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1953-01-01
Technical Paper
530048
J. J. ROBSON
1953-01-01
Technical Paper
530237
FORMULATION of a standard test code covering the use of brake testing dynamometers has been completed, approved, and published in the 1953 SAE Handbook as a recommended practice. Increasing use of these brake testing machines has made it apparent that brake evaluation should be reduced to common terms in order to compare performance characteristics. The purpose of this paper is to facilitate use of the code by presenting additional explanatory information. On the basis of both laboratory and field experience, the working committee has accumulated data covering design features of the dynamometer, dynamometer instrumentation, general features of the test code, and correlation of dynamometer and road tests. The working committee which formulated the code - and wrote the report given here - includes the following members: R. K. Super (chairman), Timken-Detroit Axle Co.; D. J. Bonawit, Marshall-Eclipse Axle Corp.; D. P. Dyer, Budd Co.; R. A. Goepfrich, Bendix Products Corp.; G. H.
1953-01-01
Technical Paper
530234
G. A. G. Fazekas
The main purpose of this paper is to show that the phenomena classed under the generic thermal failure are not due to excessive temperature alone, but to a combination of high stresses and high temperature; other factors of importance are brake design, geometry, physical properties of brake lining, and those of the drum. Concerning stresses, it will be shown that temperature gradients alone can cause them to reach well into the plastic state, even in a comparatively cool drum. Such heat stresses are known to give rise to crazing of the track, but in addition it is explained here that they are also responsible for heavy scoring, heat checks, or outright fracture. A detailed analysis indicates why and how certain purely mechanical design aspects lower stresses and heat concentrations, thereby mitigating or even preventing the onset of thermal failure.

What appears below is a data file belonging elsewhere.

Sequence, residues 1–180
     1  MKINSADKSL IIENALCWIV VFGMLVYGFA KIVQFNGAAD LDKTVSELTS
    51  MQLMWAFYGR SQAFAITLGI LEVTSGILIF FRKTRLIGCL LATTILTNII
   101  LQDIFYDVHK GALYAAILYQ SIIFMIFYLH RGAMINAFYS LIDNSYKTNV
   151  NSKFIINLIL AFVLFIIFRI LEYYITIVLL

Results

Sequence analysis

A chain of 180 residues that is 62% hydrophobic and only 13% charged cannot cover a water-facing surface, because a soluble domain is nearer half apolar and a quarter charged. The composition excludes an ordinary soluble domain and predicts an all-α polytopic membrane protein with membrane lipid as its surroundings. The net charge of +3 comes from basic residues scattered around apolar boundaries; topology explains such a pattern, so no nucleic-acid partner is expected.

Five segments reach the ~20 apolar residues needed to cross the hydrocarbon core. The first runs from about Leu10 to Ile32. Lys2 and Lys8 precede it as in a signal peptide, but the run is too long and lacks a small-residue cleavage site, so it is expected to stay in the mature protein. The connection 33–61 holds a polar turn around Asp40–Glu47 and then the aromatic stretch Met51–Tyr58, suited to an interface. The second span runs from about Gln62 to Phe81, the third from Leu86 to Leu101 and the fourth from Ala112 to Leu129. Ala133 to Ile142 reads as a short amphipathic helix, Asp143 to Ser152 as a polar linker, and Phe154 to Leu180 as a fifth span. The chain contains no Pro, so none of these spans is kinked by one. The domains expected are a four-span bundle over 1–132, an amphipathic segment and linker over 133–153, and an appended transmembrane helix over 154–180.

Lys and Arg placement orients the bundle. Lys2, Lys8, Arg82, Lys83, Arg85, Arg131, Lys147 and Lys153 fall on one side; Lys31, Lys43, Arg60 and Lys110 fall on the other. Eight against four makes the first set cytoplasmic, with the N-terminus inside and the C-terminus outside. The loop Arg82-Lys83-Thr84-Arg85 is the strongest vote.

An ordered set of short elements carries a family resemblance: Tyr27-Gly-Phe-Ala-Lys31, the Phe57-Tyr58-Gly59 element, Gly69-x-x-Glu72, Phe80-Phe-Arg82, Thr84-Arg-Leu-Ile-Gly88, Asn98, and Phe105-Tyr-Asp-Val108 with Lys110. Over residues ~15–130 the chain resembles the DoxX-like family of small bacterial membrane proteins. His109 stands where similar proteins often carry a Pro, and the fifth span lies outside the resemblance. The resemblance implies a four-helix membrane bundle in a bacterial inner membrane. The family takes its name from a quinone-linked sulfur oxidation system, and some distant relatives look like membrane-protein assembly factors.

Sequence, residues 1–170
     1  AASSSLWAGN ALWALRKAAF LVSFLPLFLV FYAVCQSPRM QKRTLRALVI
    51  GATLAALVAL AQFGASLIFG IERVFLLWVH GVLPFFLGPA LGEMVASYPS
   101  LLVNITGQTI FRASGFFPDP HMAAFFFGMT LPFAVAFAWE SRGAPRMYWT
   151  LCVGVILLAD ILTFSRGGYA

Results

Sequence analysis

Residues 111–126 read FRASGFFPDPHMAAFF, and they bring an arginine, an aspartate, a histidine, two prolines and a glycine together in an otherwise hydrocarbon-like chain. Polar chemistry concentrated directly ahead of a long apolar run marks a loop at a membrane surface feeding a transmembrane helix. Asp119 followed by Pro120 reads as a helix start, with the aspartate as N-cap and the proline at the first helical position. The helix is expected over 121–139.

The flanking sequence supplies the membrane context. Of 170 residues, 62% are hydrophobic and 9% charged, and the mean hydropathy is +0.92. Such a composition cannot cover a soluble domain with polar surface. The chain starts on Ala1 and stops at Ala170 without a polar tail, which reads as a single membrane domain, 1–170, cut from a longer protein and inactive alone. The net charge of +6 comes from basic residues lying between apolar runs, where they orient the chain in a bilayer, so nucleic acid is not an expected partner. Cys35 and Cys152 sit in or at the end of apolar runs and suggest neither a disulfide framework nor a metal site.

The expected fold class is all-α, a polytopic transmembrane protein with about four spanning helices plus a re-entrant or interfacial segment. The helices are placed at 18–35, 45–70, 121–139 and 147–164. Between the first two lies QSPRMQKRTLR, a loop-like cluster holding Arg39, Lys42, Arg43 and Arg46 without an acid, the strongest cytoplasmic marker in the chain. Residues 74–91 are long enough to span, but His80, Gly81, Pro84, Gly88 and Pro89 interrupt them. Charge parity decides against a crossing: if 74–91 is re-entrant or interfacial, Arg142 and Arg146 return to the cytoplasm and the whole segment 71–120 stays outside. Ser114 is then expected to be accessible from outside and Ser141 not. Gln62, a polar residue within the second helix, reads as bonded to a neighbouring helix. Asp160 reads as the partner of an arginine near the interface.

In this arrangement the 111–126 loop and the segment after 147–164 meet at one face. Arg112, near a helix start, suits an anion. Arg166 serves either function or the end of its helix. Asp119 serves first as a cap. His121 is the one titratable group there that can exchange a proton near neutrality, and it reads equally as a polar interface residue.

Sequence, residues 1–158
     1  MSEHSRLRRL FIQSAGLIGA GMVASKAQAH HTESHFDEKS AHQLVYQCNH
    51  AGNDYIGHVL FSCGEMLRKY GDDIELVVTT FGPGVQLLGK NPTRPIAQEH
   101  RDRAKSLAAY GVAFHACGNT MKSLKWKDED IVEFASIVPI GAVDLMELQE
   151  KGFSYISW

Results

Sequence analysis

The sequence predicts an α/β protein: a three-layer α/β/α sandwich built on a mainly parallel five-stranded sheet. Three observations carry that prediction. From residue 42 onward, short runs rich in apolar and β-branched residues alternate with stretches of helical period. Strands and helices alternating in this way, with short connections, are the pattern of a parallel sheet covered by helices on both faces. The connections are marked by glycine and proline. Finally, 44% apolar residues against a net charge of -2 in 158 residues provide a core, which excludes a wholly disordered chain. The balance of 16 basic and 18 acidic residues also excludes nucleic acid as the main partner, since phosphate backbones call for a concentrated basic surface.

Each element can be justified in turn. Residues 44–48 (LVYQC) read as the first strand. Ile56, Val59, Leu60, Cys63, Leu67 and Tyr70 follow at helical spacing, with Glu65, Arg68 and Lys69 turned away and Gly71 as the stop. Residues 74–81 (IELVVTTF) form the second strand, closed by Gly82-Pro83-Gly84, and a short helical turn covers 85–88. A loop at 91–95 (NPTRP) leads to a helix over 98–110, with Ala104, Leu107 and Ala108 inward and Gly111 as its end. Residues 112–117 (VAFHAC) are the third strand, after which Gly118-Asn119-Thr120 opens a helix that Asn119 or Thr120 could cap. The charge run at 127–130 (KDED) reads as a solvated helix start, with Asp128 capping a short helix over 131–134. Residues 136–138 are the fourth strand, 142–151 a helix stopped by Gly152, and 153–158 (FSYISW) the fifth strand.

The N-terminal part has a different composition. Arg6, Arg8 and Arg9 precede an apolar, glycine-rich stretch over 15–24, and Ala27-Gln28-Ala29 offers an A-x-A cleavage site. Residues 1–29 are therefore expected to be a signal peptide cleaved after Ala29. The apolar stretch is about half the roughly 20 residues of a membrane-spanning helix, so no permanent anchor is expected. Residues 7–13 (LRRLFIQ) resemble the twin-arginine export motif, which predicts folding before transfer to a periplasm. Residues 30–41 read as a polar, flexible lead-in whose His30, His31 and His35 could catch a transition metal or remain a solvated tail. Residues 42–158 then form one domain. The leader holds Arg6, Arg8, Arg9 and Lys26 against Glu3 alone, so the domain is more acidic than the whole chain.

1953-01-01
Technical Paper
530261
Philip Barkan
THE author present a method for calculating high-speed motion of a cam-actuated engine valve, operated with a flexible linkage. Correlation between calculated and experimental valve motion is shown to be reasonably good. The designer is enabled to understand the valve-motion phenomenon, and to predict it quantitatively, thereby eliminating many of the usual expensive trial processes. Discussion of this and other papers on “Valve-Gear Problems in Modern Overhead-Valve Engines” starts on page 714.
1953-01-01
Technical Paper
530263
M.C. Turkish
THE author shows how the success of a valve-spring design is intrinsically related to both the cam design and the valve gear dynamics obtained at high engine speeds. Good valve gear dynamics, which is characterized by minimum vibration, he says, minimizes hydraulic lifter pump-up tendency and greatly simplifies the job of making a satisfactory spring design. He shows that the use of the smooth-acceleration curve is very helpful in producing good valve gear dynamics, and that it is to be recommended over other types. The author also discusses the use of dual springs and cyclo-pelting and presetting of springs. Discussion of this and other papers on “Valve Gear Problems in Modern Overhead-Valve Engines” starts on page 714.
1953-01-01
Technical Paper
530256
George T. Ladd, Sidney B. Dew
THE bonded bimetallic brake drum has been developed to help solve the increasingly difficult problem of providing satisfactory braking service for modern cars. These drums have an aluminum-alloy housing bonded to a cast-iron liner. In this combination, the cast iron provides the wearing surface and the aluminum alloy provides the high heat conductivity and low weight. The result is an improvement in the rate at which heat is dissipated and a lower unsprung weight for the car. These brake drums have also been found to help considerably in eliminating squeal. In England, it is reported, several car manufacturers are already using these drums successfully.
1953-01-01
Technical Paper
530105
B. W. MOORE, J. H. MACPHERSON, V. C. DAVIS
1953-01-01
Technical Paper
530090
E. E. HUPP
1953-01-01